New report: 70 percent of America's silent films are gone forever

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Image Credit: Everett Collection

Seventy percent of America’s silent films from 1912-29, an era that established Hollywood and American cinema as a lucrative and prominent art form, are gone forever. A new study commissioned by the National Film Preservation Board and unveiled by the Library of Congress revealed that of the nearly 11,000 silent feature films released during that period, only 30 percent are still in existence — and more than half of those are incomplete or remain only in foreign versions or in lower-quality formats, like 28 mm or 16 mm.

“The Library of Congress can now authoritatively report that the loss of American silent-era feature films constitutes an alarming and irretrievable loss to our nation’s cultural record,” said Librarian of Congress James H. Billington. “We have lost most of the creative record from the era that brought American movies to the pinnacle of world cinematic achievement in the 20th century.”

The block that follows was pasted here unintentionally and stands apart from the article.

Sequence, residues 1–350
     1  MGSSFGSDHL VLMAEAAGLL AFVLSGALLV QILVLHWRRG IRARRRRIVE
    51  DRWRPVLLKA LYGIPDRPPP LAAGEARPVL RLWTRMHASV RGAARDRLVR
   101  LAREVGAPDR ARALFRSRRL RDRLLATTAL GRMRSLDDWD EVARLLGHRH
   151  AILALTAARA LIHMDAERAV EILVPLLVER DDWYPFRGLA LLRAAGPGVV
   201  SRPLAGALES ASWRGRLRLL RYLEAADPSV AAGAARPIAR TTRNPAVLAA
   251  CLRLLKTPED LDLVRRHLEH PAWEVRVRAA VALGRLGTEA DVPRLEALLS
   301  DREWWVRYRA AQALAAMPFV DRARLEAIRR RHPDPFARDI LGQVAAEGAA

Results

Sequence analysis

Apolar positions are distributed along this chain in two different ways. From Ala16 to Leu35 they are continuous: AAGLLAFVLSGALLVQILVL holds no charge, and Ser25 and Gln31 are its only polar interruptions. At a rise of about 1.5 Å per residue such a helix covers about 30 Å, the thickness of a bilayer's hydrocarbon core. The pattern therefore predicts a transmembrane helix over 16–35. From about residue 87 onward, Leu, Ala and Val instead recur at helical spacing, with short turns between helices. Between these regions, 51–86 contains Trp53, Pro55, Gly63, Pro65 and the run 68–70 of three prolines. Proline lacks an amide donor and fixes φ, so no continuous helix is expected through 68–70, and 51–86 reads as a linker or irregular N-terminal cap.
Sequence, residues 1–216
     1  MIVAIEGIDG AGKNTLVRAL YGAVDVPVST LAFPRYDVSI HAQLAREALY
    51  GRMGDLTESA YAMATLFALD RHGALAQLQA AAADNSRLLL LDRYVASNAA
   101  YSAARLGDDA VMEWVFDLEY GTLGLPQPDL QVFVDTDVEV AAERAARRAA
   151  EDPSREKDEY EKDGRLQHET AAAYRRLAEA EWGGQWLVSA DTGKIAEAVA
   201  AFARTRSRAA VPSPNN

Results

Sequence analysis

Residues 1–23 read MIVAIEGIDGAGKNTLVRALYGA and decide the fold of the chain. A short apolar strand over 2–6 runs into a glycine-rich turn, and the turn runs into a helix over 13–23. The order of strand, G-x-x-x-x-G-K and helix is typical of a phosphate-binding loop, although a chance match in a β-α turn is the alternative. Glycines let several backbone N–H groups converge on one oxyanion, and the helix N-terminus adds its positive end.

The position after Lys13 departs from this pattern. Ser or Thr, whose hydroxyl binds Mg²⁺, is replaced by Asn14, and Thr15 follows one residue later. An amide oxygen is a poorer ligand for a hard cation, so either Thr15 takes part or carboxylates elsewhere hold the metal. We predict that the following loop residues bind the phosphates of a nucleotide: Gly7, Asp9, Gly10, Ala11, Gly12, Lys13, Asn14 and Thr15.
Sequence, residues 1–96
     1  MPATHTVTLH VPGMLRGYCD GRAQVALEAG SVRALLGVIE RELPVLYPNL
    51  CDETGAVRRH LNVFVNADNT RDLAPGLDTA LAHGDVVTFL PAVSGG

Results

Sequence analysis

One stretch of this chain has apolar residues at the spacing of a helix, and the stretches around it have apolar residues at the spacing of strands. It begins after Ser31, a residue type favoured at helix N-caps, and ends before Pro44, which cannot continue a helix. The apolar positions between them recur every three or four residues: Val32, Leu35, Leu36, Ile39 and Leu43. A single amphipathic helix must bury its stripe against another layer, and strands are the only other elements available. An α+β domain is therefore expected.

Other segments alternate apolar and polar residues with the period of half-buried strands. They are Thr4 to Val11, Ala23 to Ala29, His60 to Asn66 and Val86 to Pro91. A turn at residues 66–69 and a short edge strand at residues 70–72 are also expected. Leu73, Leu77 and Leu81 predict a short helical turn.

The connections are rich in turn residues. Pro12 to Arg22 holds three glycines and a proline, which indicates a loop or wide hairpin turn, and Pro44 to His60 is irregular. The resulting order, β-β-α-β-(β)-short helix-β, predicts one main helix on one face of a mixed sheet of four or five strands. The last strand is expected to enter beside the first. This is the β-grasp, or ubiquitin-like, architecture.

In the last 80 years, thousands of films — some of them classics — have been lost due to chemical decay, fire, lack of commercial value, and the cost of storage. Lon Chaney’s London After Midnight (1927, pictured above), The Patriot (1928), Cleopatra (1917), and The Great Gatsby (1926) are a few of the casualties, and only five of Will Rogers’ 16 silent features still exist.

The study highlights on ongoing effort to locate and preserve copies of American silent films in any form, and the study notes that more than a quarter of the existing films had been found in other countries.

“This report is invaluable because the artistry of silent film is essential to our culture,” said Martin Scorsese. “Any time a silent picture by some miracle turns up, it reminds us of the treasures we’ve already lost. It also gives us hope that others may be discovered. The research presented in this report serves as a road map to finding silent films we once thought were gone forever and encourages creative partnerships between archives and the film industry to save silent cinema.”

Visit the Library of Congress site to read more about the study.

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